Rwanda: Access to Contraceptives for 15-Year-Olds Stirs More Debate

Packets of contraceptives (file photo).
20 November 2019

Pregnancies among girls aged below 18 rose from 17,337 in 2017 to 19,832 a year after, according to official statistics.

Beyond the numbers, these teenage parents, largely mothers face wide-ranging challenges, which has prompted the government to introduce various measure to control teen pregnancies; the latest among them being the proposal to allow teenagers who are 15 years and above to access contraceptives.

The proposal is contained in a draft law, which suggests that the age of those allowed to access contraceptives be reduced from 18 years to at least 15 years.

The proposal has stimulated debate among the general public with President Paul Kagame also weighing in on the issue during a recent press conference.

"I’m not sure this will solve the problem. I think it will instead affect these teens psychologically; they will take it as if they are being given the go ahead, now that they’ll be having something to protect them,” the President said while responding to a question from a journalist in regards to universal access to contraceptives.

“And I don’t think this is a good message,” he added. “We should fight teenage pregnancy, by first agreeing that it’s a problem. And work on reducing it to the minimum as we also hold the people involved accountable.”

The New Times spoke to parents, teachers, the civil society and students on what they thought about the draft law.

Adeline Abayisenga, a 21-year-old student from Nyamasheke District, said that; “If the law is passed, easy access to contraceptives will be helpful to a lot of young people.”

Like Abayisenga, Celine Nyiramundanikure, a mother of three, welcomed this effort.

“In the current situation, Rwanda as a country does not increase in size but the population does. Teenagers are not the best at making decisions and sometimes end up pregnant.”

We cannot force the teenagers to abstain, she said, adding that; “I think by granting them access, they’ll have an alternative.”

However, some argue that once passed the law could encourage more teenagers to indulge in sexual intercourse instead of abstaining.

“I think the approach can cause some of the minors to engage in sex even when they had no plans to do so, because they will be given the right to do so,” Benie Umwali, a senior five student at Lycee De Kigali, says.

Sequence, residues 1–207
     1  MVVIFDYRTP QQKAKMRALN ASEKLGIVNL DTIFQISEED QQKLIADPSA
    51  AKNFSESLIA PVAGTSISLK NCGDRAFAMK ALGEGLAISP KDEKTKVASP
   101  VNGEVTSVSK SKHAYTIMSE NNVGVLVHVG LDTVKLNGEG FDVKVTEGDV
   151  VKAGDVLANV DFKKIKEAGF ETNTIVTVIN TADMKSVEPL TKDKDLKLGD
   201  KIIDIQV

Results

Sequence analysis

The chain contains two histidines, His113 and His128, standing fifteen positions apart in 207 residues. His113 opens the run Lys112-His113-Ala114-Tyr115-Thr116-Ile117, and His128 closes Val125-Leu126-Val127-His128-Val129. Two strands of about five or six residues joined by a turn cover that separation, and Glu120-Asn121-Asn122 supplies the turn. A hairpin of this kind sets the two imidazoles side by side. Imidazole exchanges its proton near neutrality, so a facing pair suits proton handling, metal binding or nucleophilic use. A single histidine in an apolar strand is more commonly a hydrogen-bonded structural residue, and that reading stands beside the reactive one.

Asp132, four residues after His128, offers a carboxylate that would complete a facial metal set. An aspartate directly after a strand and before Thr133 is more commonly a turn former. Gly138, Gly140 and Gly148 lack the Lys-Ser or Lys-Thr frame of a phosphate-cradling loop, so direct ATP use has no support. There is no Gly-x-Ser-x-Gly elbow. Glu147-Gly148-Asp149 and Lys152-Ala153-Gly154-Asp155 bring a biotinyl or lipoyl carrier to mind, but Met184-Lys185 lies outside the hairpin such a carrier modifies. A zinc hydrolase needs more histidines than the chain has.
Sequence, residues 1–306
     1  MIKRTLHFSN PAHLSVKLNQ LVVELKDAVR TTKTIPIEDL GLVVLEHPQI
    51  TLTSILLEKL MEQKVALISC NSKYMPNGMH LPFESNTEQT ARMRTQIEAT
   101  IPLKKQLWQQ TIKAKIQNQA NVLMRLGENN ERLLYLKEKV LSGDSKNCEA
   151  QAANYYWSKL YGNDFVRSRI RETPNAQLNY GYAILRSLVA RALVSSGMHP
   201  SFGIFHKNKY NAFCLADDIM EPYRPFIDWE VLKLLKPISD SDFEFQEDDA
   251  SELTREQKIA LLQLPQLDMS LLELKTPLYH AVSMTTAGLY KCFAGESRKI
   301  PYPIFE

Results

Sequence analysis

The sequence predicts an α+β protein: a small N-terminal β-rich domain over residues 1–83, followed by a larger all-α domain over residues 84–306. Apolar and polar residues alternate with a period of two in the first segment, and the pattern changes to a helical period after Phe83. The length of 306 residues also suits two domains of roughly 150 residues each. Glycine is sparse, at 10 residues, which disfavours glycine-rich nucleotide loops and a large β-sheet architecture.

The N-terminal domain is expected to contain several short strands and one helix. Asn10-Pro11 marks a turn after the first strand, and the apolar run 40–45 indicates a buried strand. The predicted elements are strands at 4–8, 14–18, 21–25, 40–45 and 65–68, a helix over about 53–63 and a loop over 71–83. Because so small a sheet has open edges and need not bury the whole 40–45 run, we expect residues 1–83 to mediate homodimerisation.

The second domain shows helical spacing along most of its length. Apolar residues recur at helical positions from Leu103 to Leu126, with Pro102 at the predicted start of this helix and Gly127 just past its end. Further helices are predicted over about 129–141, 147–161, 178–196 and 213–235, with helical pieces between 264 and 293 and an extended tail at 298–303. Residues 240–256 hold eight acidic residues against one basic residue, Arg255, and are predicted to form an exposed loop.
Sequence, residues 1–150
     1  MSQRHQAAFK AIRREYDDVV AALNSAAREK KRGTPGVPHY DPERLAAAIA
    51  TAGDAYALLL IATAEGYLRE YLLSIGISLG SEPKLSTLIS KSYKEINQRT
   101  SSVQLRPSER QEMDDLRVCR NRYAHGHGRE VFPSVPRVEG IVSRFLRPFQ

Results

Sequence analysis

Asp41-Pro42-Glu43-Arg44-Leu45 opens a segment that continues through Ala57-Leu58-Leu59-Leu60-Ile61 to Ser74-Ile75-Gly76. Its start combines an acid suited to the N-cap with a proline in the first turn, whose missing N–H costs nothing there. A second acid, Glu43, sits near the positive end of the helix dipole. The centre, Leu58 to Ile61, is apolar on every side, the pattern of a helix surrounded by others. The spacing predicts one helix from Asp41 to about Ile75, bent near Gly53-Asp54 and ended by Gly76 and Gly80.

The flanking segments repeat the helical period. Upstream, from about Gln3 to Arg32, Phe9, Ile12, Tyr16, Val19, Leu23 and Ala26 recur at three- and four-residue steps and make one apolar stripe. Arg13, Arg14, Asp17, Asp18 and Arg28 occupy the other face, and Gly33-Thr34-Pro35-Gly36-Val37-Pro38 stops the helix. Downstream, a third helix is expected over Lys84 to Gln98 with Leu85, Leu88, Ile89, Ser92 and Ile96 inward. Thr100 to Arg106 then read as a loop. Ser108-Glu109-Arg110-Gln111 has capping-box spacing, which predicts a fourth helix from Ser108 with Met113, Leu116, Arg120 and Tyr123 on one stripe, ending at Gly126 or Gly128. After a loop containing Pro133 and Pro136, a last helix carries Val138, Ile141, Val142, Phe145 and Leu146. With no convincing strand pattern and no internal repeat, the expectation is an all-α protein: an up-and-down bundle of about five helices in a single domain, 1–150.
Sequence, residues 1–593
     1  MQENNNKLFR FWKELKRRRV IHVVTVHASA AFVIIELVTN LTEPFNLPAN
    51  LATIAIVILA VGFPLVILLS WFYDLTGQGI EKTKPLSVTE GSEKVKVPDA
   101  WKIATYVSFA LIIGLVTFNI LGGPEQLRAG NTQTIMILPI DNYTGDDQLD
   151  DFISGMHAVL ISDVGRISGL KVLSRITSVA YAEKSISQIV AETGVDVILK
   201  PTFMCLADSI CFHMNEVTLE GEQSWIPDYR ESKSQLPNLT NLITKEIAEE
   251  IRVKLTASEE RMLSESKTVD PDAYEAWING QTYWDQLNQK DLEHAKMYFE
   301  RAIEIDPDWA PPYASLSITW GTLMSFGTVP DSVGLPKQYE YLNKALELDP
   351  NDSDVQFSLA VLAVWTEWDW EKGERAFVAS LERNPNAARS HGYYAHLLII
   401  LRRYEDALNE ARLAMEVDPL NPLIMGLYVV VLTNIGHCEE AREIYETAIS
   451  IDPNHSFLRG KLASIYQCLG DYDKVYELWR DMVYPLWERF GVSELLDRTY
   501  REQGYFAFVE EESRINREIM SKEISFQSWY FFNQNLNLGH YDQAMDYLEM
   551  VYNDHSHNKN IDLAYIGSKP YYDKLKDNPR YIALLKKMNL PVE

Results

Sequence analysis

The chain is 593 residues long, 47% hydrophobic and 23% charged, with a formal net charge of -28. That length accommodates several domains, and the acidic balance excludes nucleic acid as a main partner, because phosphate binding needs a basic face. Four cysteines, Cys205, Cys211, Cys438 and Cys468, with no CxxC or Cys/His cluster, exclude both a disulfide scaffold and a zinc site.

Jeanine Nirere, a mother of two, also echoed Umwali’s views.

“If you can do something bad and have no negative result, you will not learn. When some have sex, get pregnant and give birth to children that they have to look after, others will learn to abstain,” she explained.

“Easing access to contraceptives would encourage immoral behaviour in minors.”

Maria Balikungeli, the Director of Rwanda Women’s Network, argues that giving 15-year-olds access to contraceptives would be an “exaggeration”.

“Do they even know the long term effects of using them (contraceptives) at their age?” she questioned.

She added: “I think more emphasis should be put on educating them on the abstinence measures, as it is in our culture.”

UNDP states that the contraceptive prevalence rate in Rwanda is at 57 per cent while 17 per cent don’t meet their need.

Contraceptive prevalence is the rate of women who are using or whose partners are using at least one method of contraceptives.

While the debate on access to contraceptives intensifies teenage pregnancies continue to rise, posing various problems to the victims, including increased school dropouts, poverty and sometimes teenage mother denied access to medical services.

In a recent interview with The New Times, Miriam Batamuriza, a lecturer at the University of Rwanda, School of Nursing and Midwifery, Rwamagana campus, explained the dangers of teenage pregnancies.

She says, first and foremost, obstetric consequences are bound to happen among other effects.

Anaemia, Batamuriza says, rises during pregnancy, because teenage mothers often can’t afford healthy foods, or don’t even know how to prepare healthy meals that would keep them and their unborn babies safe.

Even after birth, the baby is likely to suffer malnutrition if no intervention is made to improve nutrition.

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